As mentioned above, we take a long term approach to investing and that typically manifests itself in low levels of portfolio turnover.  However, when opportunities present themselves we are prepared to take them, particularly where we see potential to add dividend streams that diversify the portfolio's earnings and raise the potential for future growth in dividends.  That can mean that some years are busier than others in terms of portfolio activity.  This was such a year.

 

We introduced six new holdings.

 

BBA Aviation provides fixed base operations for private planes, mainly in the US.  The business has recently bought an additional portfolio of assets from Landmark, strengthening its market leading position in an industry where network density brings a competitive advantage.  Flight volumes are increasing as the US economy recovers.  The business generates solid cash flows that support an attractive 4% dividend yield that has grown at 7.4% annually for the last five years. 

 

Essentra manufactures and distributes healthcare and personal goods packaging and specialist cigarette filters, where it is the market leader.  It also manufactures a vast array of niche specialist components that are sold into a broad number of industries.  The business suffered a profits warning as a result of the loss of an expected filters contract and delays to the integration of an acquisition in pharmaceutical packaging.  We believe that the new Chief Executive has laid out a credible path to recovery in the packaging and components divisions.  Meanwhile the rest of the business is trading largely in line with expectations.  The shares de-rated quite markedly on the news and the dividend increased to 4%.  Therefore, we took the opportunity to build a small holding.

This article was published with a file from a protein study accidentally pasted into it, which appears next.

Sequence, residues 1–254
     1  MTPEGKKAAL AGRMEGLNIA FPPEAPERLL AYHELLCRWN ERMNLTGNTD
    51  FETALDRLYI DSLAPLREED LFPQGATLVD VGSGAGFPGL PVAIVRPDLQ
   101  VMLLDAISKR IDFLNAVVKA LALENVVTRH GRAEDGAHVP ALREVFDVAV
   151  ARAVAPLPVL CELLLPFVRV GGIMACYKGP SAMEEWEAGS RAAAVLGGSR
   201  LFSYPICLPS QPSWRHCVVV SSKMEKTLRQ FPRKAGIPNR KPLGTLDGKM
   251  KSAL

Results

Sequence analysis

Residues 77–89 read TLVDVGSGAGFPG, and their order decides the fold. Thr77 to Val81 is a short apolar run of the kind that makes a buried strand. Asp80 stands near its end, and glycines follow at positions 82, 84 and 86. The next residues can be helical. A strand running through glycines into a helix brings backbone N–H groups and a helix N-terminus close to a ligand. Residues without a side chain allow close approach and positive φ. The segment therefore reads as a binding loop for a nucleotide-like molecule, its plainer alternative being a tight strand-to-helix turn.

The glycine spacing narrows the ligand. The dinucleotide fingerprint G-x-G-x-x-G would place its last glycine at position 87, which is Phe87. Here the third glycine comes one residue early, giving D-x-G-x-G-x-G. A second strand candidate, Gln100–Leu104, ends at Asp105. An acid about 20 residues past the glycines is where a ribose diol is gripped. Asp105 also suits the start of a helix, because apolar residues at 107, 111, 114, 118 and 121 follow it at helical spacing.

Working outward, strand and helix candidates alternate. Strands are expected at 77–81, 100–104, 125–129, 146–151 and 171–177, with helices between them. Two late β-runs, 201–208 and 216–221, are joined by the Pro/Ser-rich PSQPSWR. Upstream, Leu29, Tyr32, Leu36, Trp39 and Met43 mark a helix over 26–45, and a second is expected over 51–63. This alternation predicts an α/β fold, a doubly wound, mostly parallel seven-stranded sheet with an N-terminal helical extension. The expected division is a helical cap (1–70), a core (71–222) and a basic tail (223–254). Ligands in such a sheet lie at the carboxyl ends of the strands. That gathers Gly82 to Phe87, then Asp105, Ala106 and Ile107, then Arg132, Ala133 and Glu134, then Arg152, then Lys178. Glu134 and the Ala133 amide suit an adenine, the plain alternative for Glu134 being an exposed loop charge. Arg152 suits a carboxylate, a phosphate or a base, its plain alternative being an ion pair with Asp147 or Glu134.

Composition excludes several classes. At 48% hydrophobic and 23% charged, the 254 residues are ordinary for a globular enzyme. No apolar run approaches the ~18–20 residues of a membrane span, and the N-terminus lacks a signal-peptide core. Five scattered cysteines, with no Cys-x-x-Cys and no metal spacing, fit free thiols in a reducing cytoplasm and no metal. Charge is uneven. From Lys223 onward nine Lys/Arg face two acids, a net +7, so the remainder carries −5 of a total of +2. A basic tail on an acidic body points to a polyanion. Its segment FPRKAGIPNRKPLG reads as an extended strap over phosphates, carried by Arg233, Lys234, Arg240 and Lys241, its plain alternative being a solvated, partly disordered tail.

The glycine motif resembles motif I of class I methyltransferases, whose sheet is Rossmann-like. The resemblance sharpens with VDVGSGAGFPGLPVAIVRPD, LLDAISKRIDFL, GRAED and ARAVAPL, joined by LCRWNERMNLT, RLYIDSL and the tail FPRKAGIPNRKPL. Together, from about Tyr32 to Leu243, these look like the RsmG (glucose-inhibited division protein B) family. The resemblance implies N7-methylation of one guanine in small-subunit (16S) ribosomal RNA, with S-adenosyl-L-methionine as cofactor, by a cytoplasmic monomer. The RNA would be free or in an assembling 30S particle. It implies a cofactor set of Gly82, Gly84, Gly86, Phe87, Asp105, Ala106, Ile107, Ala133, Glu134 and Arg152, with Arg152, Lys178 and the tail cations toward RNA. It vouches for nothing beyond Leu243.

Manx Telecom is the leading provider of fixed line, mobile and broadband services on the Isle of Man.  This is a market characterised by low levels of competition, an investment friendly regulatory environment and a low propensity for competition to disrupt the market, in large part because of its small size.  These features have allowed the company to deliver very solid returns and an attractive and growing dividend yield.

 

Diageo's portfolio of spirit brands positions it well to benefit from the continuing trend that sees consumers moving up the value proposition from beer to spirits.  The barriers to entry are significant, especially in the case of whisky where the long cycle nature of the industry confers a significant advantage to the incumbents.  In the white spirit market the company has a portfolio of brands allowing it to cover the price spectrum from value to premium and even super premium.  As such, the company is able to benefit from market growth largely regardless of shifts in consumption patterns.  Having suffered from poor performance in its US vodka operations, these now look to be turning the corner.  The shares were weak during the autumn which provided an opportunity to initiate a holding as the dividend yield approached 3%.